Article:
As for the visual effects utilized to bring the many wondrous and terrifying scenes within this story to life, they certainly do not disappoint. The Ark itself is a true masterwork of production design, and just as visually arresting are the Iceland locations chosen to highlight the desolate reality of human existence in this time and place. But again, these only serve to provide a compelling backdrop for the human drama unfolding with the characters in the midst of the disaster and its aftermath, unlike so many other inferior disaster films where the humans are merely present to react to the effects that are the real stars of the production. Watch for Noah to be a contender in next year’s Oscars in the majority of the technical categories, but it might be the rare film that also manages to compete for the major honors of the night, as well.
All in all, the film is an exemplary work of dramatic cinema, and hopefully the quality of the work will be recognized by a wide audience sure to be made up of people going in with varying agendas and preconceived notions. Some will be there just to see the eye-popping special effects of a big-budget disaster film. Others will be prepared to critique the film’s departures from scripture. Still others will be there because of the prestigious cast and the quality of Aronofsky’s previous work. Regardless of their reason for being there, just about everyone should come away from this film at least talking about it. If there’s one thing certain, it’s a film that you simply cannot just walk away from without any feeling at all.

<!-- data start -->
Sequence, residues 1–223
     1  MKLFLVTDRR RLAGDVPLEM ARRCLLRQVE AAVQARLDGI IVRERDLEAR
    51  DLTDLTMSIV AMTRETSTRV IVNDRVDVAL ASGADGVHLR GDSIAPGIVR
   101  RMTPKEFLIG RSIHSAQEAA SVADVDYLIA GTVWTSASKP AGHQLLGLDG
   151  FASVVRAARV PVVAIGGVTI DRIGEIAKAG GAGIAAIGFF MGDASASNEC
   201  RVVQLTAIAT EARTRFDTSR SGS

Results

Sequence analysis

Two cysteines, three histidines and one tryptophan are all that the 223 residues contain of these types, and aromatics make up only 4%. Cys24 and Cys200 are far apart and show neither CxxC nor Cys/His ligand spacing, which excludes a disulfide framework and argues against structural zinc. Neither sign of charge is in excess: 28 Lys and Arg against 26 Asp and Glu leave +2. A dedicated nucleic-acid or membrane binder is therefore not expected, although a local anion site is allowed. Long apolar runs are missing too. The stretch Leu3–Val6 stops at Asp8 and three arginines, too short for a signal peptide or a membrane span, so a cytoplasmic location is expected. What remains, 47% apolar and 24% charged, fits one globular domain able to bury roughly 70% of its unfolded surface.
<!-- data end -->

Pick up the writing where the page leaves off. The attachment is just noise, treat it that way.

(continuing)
It’s just too well done.
Score: 4 out of 5
Starring Russell Crowe, Jennifer Connelly, Ray Winstone, Emma Watson, Logan Lerman, Douglas Booth, and Anthony Hopkins. Directed by Darren Aronofsky.
Running Time: 138 minutes
Rated PG-13 for violence, disturbing images and brief suggestive content.